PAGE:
Jayne: What did you think were the over-riding themes of the show this year?
Rowan: I don’t think that there was any one really new thing that was huge, but there were lots of little innovations just making what we’ve already got better and more effective.
4K (as well as 8K!) was of course impossible to ignore. Just as interesting however are the developments in higher frame rates: if we don’t have the frame rate to match these large resolutions the content simply won’t look any good. In tandem with 4K was HEVC, a next generation codec which is necessary to make 4K work in the long term. I think that 4K will eventually happen, but it will take longer than perhaps the consumer electronics manufacturers would like.
This is something else I have noticed in recent years – technology is now being driven by consumer equipment manufacturers, rather than by the broadcasters as it has been in the past. This empowers the audience to let us know what they actually want (not 3D it would seem!); but it can be difficult for the broadcasters as people are sometimes being sold devices with functionality for which we simply cannot yet provide content.
Another small trend was that a lot more services seem to be going cloud-based, which supports the finding of the DPP’s recent report The Coming Storm? that the cloud will soon be so pervasive that it will no longer be perceived as special or different.
Jayne: What are your predictions for what we’ll see at next year’s IBC show?
Rowan: I think 4K will still be around but we will see more interesting products & less hype – people will be generally less excited about it.
There is likely to be a continued increase in cloud-based services and subscription licencing models. Many manufacturers are now moving to a ‘per user per month’ type of charging model. This makes perfect sense – as technology moves so fast anything you purchase will become obsolete quite quickly and this allows you to choose when you want to use it and get any updates automatically.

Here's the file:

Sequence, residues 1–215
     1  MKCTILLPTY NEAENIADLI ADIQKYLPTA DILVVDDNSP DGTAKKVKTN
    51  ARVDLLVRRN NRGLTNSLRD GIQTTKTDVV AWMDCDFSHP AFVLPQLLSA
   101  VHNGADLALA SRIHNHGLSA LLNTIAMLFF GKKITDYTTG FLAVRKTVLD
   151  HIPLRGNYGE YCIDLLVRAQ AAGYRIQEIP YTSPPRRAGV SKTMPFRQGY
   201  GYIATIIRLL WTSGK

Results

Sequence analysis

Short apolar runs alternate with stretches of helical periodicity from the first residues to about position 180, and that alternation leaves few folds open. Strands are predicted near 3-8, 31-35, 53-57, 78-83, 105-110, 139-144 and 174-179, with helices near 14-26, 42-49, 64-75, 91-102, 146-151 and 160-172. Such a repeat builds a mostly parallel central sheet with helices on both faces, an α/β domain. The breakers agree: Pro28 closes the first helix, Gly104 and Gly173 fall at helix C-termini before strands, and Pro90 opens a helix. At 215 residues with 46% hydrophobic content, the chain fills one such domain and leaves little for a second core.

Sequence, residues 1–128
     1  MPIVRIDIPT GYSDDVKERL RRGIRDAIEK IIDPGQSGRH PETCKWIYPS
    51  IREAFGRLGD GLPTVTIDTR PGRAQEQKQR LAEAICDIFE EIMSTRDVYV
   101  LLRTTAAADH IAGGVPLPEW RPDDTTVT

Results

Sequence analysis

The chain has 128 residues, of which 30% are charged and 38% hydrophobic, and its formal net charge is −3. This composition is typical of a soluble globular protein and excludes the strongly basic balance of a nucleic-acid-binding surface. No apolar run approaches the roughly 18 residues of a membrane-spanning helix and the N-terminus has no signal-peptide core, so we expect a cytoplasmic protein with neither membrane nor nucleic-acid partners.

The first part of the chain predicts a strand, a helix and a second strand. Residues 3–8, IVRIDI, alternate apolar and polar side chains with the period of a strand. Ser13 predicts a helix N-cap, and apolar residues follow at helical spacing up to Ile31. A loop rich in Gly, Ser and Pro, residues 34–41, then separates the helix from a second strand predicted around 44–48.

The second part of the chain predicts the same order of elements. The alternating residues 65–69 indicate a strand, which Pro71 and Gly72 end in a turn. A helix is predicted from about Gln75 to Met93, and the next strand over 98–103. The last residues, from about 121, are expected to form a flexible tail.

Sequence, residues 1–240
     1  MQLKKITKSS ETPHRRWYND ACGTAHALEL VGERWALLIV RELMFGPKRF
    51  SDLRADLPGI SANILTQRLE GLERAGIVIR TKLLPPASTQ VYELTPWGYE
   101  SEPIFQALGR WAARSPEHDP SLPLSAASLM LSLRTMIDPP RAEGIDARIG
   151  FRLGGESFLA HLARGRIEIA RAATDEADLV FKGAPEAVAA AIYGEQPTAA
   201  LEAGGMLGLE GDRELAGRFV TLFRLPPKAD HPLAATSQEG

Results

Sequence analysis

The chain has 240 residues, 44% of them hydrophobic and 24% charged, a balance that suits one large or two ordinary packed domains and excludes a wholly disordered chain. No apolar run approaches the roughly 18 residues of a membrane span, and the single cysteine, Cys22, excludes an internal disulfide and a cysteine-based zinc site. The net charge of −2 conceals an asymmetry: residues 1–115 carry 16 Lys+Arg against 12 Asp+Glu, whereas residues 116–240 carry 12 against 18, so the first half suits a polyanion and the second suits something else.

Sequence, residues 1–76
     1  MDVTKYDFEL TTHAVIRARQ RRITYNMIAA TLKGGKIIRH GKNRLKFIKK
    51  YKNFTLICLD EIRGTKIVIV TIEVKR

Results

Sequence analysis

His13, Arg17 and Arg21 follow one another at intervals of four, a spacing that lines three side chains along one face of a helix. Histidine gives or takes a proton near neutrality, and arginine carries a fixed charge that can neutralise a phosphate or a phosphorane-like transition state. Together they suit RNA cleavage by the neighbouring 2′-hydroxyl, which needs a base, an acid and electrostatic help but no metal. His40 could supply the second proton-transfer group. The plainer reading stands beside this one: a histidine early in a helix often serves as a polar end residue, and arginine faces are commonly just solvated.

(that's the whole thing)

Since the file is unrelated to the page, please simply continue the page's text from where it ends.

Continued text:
I also think we’ll start to see some interesting developments around using IP technology for video. Could we move towards more standard computer-type networking technology to route data around? We saw a few demos of IP technology this year, but only one or two actual products. I think it has to grow over time.
Jayne: Lastly, did you enjoy the legendary IBC parties?
Rowan: Honestly, the most fun I had was at the DPP drinks session because I knew a lot of people there & it gave me a chance to catch up with old colleagues as well as new ones. I was also lucky enough to eat at the Okura Hotel’s Yamazato retaurant – the only Japanese restaurant in Europe to hold a Michelin star – and I can heartily recommend it! And there were certainly a few other opportunities to have a beer with colleagues and friends. As the old adage goes, work hard, play hard!
So thanks to Rowan that’s a roundup of what was hot from this year’s IBC Show.
What’s in store for next year? Sensible shoes not withstanding, I had a wonderful time and will be back with metaphorical bells on. And maybe, just maybe, by then I’ll be able write my own review.
Sensible shoes spotted at IBC that I won’t be sporting next year…
This blog post was written by Jayne.